GRADE 3

Complete Guide to Major & Minor Scales (Volume 1)


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TO TEACHERS & STUDENTS: The objective of Grade 3 is to learn all 12 major scales one octave harmonized in thirds, sixths, and tenths at a slow tempo. This is spread out over a total of 12 weeks, not including the Exam. Ideally, each Lesson equals one week, but could be extended to two weeks for students who either learn at a slower pace and/or have less time to practice. Conversely, for students who are unusually gifted and/or fast learners, two or perhaps three lessons could be learned in one week. In any case, students should avoid rushing through lessons and skipping steps. The better one can learn these rudimentary lessons, the stronger one’s overall technical and theoretical foundation will become. The average student should spend at least 10-15 minutes daily on each lesson, making the learning of major scales an integral part of their overall daily piano practice. Each lesson corresponds with the numbered and lettered musical systems (lines) in the book. Simply screen-shot or print out each lesson and use the instructions as a guide to help work your way through the book! 

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WEEKLY LESSON PLANS FOR GRADE 3

LESSON 1 (lines 1c – 1e):  C MAJOR

  1. Examine line 1c, C major harmonized above in thirds or simply C major in thirds. This is because the top note is always an interval of a third above the bottom note. Play the RH alone ascending and descending a few times slowly. Notice that the C major fingering is retained except its first and last notes are E. You already know the LH scale and fingering. Now, play the scale hands together.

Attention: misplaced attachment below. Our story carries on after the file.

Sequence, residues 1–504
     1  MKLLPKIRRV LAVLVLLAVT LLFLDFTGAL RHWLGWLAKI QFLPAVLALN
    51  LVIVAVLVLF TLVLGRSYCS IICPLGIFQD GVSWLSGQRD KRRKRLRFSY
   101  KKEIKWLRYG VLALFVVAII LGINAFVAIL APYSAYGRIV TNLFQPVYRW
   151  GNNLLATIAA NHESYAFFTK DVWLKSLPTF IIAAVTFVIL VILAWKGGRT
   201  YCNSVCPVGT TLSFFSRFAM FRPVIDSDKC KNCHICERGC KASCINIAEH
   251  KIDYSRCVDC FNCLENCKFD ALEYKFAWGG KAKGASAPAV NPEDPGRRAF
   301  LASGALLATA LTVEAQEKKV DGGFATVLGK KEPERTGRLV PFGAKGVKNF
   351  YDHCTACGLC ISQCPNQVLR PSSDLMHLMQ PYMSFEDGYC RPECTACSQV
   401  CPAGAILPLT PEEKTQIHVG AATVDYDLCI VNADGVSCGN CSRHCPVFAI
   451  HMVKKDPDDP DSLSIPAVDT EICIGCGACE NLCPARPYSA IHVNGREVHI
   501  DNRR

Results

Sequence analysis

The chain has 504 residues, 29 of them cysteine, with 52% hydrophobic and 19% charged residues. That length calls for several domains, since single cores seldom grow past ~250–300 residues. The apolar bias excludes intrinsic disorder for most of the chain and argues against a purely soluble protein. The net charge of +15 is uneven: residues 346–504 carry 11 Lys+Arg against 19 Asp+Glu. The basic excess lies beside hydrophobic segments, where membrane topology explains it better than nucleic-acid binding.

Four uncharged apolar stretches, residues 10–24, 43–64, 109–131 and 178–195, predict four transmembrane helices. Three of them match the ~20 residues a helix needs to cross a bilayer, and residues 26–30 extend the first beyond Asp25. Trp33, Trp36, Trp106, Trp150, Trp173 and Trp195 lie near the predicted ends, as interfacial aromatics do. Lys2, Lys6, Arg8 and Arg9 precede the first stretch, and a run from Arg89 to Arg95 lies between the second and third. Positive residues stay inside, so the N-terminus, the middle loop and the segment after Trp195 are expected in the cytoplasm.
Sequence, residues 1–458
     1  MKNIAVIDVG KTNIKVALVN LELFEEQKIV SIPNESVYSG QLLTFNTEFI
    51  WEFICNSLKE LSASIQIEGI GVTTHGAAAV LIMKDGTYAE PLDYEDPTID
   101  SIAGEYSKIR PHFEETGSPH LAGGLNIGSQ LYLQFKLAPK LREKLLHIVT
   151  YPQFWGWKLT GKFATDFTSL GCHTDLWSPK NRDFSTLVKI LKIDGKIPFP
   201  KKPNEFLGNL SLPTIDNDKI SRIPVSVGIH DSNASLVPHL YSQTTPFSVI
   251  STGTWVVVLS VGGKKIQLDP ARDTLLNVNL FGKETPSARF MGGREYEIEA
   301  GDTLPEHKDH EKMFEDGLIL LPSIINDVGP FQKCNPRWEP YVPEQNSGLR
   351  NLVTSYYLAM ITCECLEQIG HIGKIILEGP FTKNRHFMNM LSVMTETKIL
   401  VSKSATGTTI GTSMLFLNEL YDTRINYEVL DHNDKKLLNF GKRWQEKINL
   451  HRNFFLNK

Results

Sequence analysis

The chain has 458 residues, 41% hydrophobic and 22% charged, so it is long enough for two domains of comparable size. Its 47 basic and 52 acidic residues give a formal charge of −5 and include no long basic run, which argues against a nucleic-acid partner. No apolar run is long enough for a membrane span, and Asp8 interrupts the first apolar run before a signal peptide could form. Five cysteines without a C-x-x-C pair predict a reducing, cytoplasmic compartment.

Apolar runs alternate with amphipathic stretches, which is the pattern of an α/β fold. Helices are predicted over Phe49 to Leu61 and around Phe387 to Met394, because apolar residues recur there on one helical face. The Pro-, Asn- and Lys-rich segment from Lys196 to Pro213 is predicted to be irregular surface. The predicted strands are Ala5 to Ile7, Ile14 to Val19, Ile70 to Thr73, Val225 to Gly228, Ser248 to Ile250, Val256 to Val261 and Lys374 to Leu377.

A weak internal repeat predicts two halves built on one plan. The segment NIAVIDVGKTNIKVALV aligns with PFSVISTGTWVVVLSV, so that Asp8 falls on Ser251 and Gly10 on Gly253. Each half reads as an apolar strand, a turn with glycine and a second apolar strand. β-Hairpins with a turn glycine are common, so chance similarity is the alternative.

2. Examine line 1d, C major harmonized below in sixths or simply C major in sixths. This is because the bottom note is always an interval of a sixth below the top note. Play the LH alone ascending and descending a few times slowly. Notice that the C major fingering is retained except its first and last notes are E. You already know the RH scale and fingering. Now, play the scale hands together.
  3. Examine line 1e, C major harmonized above in tenths or simply C major in tenths. It is the same as C major in thirds in line 1c, except the C below and E above are separated with an extra octave placing the hands farther apart. Play the scale hands together.
  4. Review lines 1c-e each played two consecutive times at 72 bpm with metronome at one tick per eighth note. 

LESSON 2 (lines 2c – 2e):  G MAJOR

  1. Examine line 2c, G major harmonized above in thirds or simply G major in thirds. This is because the top note is always an interval of a third above the bottom note. Play the RH alone ascending and descending a few times slowly. Notice that the G major fingering is retained except its first and last notes are E. You already know the LH scale and fingering. Now, play the scale hands together.